Exchange Student Finds Arizona Hot, Big And Great Shopping

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Since coming to the U.S. in July, Finland foreign exchange student Eveliina Salminen has played volleyball and soccer at Payson High School.

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Andy Towle/Roundup

Eveliina Salminen

What does a person who has never set foot in America notice first? Is it our melting pot culture and sense of democracy and freedom? Unfortunately, the answer is no.

For Finnish foreign exchange student Eveliina Salminen, 16, who landed at Phoenix Sky Harbor Airport in July, her first impressions included: it is hot, everything is huge, but the shopping looks great.

After resetting her bearings in a country nearly 97 percent bigger than her own, Salminen met her host family, Rod and Janelle Burba and their daughter Natalie Black.

Since Salminen had never visited a modern shopping mall or a Walmart (currently, there are no Walmarts in Finland), their first order of business was touring the sites.

“The mall was great,” Salminen said.

“Its her favorite thing I think,” Janelle said jokingly.

Beyond shopping, Salminen came to the states to experience high school in a whole new way. What she discovered during her first four months in America included: we dance and hug more, school work is easier than in Finland and Mexican food, especially tortillas, are great.

Salminen grew up in the small town of Jamsankoski with her parents Saku and Hanna-Kaisa, two brothers Anttoni and Simeon and sister Karoliina.

After completing the ninth-grade last year, Salminen wanted to study abroad in the states to improve her English, meet new people and learn more about the American culture.

“There are so many things that I don’t know,” she said. “When I come to other country I think that I can see the things the other way.”

For the Burbas, who had never hosted an exchange student before, the idea of caring for a stranger for 10 months took some convincing.

Luckily, the Burbas’ daughter Natalie was convinced they should invite Salminen to stay with them.

“When I read the application for Eveliina I said we had to have her,” Natalie said.

“I liked that she was a Christian.”

Salminen is a Seventh-day Adventist and the Burbas attend church regularly. From Salminen’s application, Natalie also realized that she had a lot in common with the teen including dance, music and soccer.

“I said lets get her,” Natalie said to her parents.

The Burbas agreed and told Edie Miller, international exchange coordinator for Education First Foundation for Foreign Study, they would host Salminen.

“We had never thought about doing this before,” Janelle said.

“It is a blessing to have her now,” Rod added.

During the day, Salminen attends Payson Center for Success in the mornings and Payson High School in the afternoons.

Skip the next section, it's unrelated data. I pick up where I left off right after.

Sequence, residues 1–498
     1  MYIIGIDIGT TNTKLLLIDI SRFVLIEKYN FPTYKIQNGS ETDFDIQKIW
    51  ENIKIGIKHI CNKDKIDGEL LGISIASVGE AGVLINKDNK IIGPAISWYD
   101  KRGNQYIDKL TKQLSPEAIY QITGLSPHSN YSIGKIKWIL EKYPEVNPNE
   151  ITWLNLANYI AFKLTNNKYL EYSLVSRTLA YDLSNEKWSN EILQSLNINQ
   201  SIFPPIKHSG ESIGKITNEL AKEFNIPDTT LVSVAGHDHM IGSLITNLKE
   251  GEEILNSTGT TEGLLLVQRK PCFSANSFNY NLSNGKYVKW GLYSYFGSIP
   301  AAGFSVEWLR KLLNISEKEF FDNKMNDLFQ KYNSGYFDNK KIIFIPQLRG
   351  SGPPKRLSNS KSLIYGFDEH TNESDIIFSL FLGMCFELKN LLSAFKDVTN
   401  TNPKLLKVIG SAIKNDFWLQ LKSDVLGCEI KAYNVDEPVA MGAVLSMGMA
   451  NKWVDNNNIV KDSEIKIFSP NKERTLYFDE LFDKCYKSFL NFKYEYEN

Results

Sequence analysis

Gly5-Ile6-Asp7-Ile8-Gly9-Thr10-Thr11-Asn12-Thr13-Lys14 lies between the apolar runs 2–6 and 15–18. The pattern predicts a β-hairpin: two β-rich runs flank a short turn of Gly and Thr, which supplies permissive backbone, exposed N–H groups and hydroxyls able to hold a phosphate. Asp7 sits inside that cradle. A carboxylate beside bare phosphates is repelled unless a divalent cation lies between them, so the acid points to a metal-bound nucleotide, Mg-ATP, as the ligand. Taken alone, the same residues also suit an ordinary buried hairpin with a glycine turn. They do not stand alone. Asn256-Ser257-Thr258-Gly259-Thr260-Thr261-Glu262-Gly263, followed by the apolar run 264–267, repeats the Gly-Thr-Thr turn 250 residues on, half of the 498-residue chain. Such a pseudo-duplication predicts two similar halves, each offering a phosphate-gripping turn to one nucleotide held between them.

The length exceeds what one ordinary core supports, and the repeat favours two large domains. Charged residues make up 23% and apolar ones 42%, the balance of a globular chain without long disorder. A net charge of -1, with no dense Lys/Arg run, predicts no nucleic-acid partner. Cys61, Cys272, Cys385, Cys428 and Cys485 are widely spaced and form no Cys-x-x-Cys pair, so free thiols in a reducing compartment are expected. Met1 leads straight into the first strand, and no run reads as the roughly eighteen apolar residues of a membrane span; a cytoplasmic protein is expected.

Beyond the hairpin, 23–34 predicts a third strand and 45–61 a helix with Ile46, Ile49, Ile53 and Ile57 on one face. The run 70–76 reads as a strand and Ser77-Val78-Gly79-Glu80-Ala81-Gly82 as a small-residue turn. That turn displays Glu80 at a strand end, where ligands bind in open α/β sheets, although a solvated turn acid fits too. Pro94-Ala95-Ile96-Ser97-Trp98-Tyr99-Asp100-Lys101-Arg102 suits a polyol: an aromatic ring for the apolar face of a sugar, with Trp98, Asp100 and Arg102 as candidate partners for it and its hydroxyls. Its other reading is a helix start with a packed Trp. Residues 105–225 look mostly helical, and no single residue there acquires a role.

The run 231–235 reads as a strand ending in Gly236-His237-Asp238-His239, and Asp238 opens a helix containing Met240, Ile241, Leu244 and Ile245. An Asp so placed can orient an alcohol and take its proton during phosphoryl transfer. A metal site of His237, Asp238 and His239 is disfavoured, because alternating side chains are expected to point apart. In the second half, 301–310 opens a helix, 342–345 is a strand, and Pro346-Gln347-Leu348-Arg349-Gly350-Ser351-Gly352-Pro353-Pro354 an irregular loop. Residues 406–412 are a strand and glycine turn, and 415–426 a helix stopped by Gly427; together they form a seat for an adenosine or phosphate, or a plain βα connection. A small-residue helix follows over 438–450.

Salminen made the soccer team, varsity volleyball team and became the star server, Rod said.

“She had 13 aces in a row,” he said.

Salminen has also improved her English speaking skills considerately. When she first arrived, Rod offered to take her on an ATV ride.

Rod reminded Salminen to put on sunscreen and she said she had. Halfway through the ride, Rod noticed Salminen was turning bright red and he asked her again if she had brought sunscreen.

Salminen reached in her pocket and pulled out a pair of sunglasses and said yes.

Rod laughed and explained he meant sunscreen not sunglasses.

In school, Salminen said she is enjoying spending time with other teenagers, but admits it is easier than in Finland, where she studied more subjects.

She loved attending her first football game and high school dance.

“We have discos (in Finland) but no one dances,” she said. “Here everyone dances.”

It took her awhile, but she also became accustomed to American teenagers’ ways. These include hugging friends at school and saying “I love you.”

In Finland, Salminen would only say, “I love you” to her family, but in America she discovered it is common to say it to close friends.

In terms of food, Salminen is a vegetarian. This posed a challenge for the Burbas who were used to cooking meat.

It took Janelle a few weeks to realize Salminen would not eat anything that had been cooked with meat, even if the meat was removed, such as in a stir fry.

Salminen said she sticks with cheese crisps, chocolate milkshakes and French fries.

Besides experiencing new foods, Salminen visited the Grand Canyon, Mexico, and Show Low via a private plane and traversed the state from top to bottom.

After she leaves in June, Salminen plans to complete her 10th year of school in Finland and eventually attend college where she hopes to become a pediatrician.

“This has been a great experience, she has been an amazing girl,” Janelle said.

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